Reining in the E.P.A.

Tom Finnerty02 Jun, 2023 3 Min Read
Take that Chevron and shove it.

Recently Clarice Feldman wrote an article for us on a case before the Supreme Court that might possibly lead to the reversal of the Chevron doctrine, established in the landmark 1984 Supreme Court case Chevron U.S.A., Inc. v. Natural Resources Defense Council, Inc. Chevron grants an extraordinary degree of authority to federal regulatory agencies to interpret legal statues within their remit. In practice it has meant that D.C. bureaucrats are empowered to interpret laws in ways that are far removed from how they were envisioned when passed in Congress. And it's a doctrine towards which our majority-conservative Supreme Court seems increasingly hostile.

We now have further evidence of that hostility -- the other day the Supreme Court dealt another blow to the dubious principle of "administrative deference." The case, Sackett v. Environmental Protection Agency, challenged the Environmental Protection Agency's claimed authority to maximally interpret their jurisdiction over the "navigable waters" of the United States, granted in the Clean Water Act of 1972. National Review's Andrew McCarthy explains:

The term navigable waters had a well-established meaning when the CWA was enacted in 1972; but Congress mucked things up by defining navigable waters as “the waters of the United States.” Over time, the EPA has stretched this term, such that it could mean the Mississippi River or a puddle in your backyard. Progressive environmental activists in the bureaucracy have used this ambiguity to stop people from building on their property, halt business development, etc. In the case at bar, for example, the Sacketts were prevented from building on their soggy Idaho property, with regulators and lower courts ruling that it constituted “wetlands” — enough to be “waters of the United States” — even though it was remote from any permanent body of water.

In this case the court unanimously found for the Sacketts against the E.P.A., because there was no doubt that their rights had been violated. On the larger question of administrative deference, however, there was a notable split. Justice Alito's majority opinion -- joined by justices Thomas, Gorsuch, and Barrett, along with Chief Justice Roberts, made it a point to clarify that the Clean Water Act should be read and interpreted as it was intended by its authors -- according to the "original public meaning" of the law, in conservative jurisprudential parlance. Here's Alito:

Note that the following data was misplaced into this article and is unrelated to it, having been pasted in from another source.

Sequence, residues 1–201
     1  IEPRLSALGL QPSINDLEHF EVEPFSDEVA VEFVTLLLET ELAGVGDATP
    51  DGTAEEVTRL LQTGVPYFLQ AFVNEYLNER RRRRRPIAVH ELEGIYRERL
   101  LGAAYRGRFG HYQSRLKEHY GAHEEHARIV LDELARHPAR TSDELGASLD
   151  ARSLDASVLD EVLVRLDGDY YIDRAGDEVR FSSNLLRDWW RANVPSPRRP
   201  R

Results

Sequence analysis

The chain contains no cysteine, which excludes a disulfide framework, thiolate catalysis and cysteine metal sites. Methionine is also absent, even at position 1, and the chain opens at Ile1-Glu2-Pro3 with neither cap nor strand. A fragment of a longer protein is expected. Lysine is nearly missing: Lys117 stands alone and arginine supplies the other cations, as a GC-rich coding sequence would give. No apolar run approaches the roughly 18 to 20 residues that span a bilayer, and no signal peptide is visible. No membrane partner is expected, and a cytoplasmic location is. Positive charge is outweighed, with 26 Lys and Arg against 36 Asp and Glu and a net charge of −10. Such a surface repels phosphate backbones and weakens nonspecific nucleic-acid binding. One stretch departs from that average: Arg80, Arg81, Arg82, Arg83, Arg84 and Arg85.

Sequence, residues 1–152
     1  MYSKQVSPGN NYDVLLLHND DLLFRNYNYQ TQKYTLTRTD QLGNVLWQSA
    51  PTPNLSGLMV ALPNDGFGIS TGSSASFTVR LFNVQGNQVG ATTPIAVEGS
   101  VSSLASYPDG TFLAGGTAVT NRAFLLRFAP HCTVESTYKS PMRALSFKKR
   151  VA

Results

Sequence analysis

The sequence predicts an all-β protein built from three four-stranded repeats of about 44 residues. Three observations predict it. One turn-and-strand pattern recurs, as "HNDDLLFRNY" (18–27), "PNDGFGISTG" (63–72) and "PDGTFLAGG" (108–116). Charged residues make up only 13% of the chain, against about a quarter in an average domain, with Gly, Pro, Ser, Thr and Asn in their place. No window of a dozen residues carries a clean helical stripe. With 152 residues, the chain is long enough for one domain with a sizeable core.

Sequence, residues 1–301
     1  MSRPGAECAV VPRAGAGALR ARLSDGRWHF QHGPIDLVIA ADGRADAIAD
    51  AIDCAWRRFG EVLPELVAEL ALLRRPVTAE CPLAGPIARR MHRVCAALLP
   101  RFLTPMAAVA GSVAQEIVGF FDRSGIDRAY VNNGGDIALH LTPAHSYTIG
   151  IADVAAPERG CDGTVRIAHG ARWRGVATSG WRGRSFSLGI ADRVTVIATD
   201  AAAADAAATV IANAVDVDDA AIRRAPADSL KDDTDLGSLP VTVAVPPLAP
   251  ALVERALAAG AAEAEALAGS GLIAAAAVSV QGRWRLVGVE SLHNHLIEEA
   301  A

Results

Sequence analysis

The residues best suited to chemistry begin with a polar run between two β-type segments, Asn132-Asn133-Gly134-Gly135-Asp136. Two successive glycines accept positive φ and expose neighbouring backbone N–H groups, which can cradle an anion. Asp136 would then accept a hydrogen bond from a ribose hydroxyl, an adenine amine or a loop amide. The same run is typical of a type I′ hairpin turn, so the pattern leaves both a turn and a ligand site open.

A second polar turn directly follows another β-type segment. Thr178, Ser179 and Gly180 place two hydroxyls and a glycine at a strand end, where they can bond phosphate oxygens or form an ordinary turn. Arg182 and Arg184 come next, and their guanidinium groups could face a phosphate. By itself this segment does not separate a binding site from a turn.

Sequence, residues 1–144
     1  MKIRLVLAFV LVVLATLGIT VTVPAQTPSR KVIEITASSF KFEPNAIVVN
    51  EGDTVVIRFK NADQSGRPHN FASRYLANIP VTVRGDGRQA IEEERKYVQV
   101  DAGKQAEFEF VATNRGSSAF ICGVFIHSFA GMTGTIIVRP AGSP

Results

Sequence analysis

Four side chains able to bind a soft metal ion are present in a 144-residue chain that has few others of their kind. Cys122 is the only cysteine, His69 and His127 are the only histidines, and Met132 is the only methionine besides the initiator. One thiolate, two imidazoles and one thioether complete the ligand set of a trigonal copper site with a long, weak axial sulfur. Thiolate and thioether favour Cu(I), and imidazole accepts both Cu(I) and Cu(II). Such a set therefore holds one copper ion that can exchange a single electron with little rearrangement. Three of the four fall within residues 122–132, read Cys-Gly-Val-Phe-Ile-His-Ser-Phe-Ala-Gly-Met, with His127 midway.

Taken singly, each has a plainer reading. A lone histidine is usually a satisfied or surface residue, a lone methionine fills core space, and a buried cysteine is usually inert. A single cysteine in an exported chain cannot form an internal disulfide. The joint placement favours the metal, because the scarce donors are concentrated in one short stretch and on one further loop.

The CWA’s use of “waters” encompasses only those relatively permanent, standing or continuously flowing bodies of water forming geographical features that are described in ordinary parlance as “streams, oceans, rivers, and lakes.”

So, not a puddle in your backyard. Meanwhile Justice Brett Kavanaugh, joined by the court's three liberals, wrote an opinion which complains about the narrowing of the E.P.A.'s authority, which he says “will leave some long-regulated adjacent wetlands no longer covered... with significant repercussions for water quality and flood control throughout the United States.”

This is, of course, ridiculous. The majority here is reasserting the principle that the E.P.A. cannot act beyond the powers delegated to it by the people's representative's in Congress. If Congress wishes to expand the authority of the E.P.A. over those "long-regulated adjacent wetlands," it is free to do so. Alternately, state and local bodies charged with environmental regulation should be free to step in in such instances, also with the appropriate oversight from elected officials. The key in both would be buy-in from the people -- just authority being derived from the "consent of the governed," in the words of the Declaration.

Opposition to this idea has been animating the progressive movement since its foundation, but these days it is back in fashion at the Supreme Court. Which is why the rest of America's permanent bureaucracy has no doubt been watching these developments with increasing alarm (and why the Left has been working so hard to preemptively delegitimize their long-time favorite branch of government, the Court). Chances are the hits are going to keep on coming, and decades of progressive legal precedents -- with Chevron as their centerpiece -- might not survive.

Tom Finnerty writes from New England and Ontario.


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One comment on “Reining in the E.P.A.”

  1. “If Congress wishes to expand the authority of the E.P.A. over those "long-regulated adjacent wetlands," it is free to do so.”
    Not quite. Rapanos vs. US (2006) also required that the navigable water adjacent to any such wetlands be in some way associated with interstate commerce, since it’s only the Interstate Commerce clause of the Constitution that allows federal intrusion into the realm of state sovereignty in the first place. Absent the ICC, the CWA would only be enforceable on federal lands. Thus, for example, Priest lake in Idaho is “navigable” in the lay sense of the word, but it’s not “navigable” under WOTUS since it is isolated from international waters and/or interstate waters for the purposes of commerce. In Sackett, the EPA failed to demonstrate a plausible connection of the Sackett property to Priest lake, but even if they had demonstrated such a connection, the property would still not be “jurisdictional” under the CWA because Priest lake itself is not jurisdictional.
    But otherwise, yes, your point is well-taken inasmuch that the bureaucracies should not be allowed to speak where Congress has remained silent. Good reporting.

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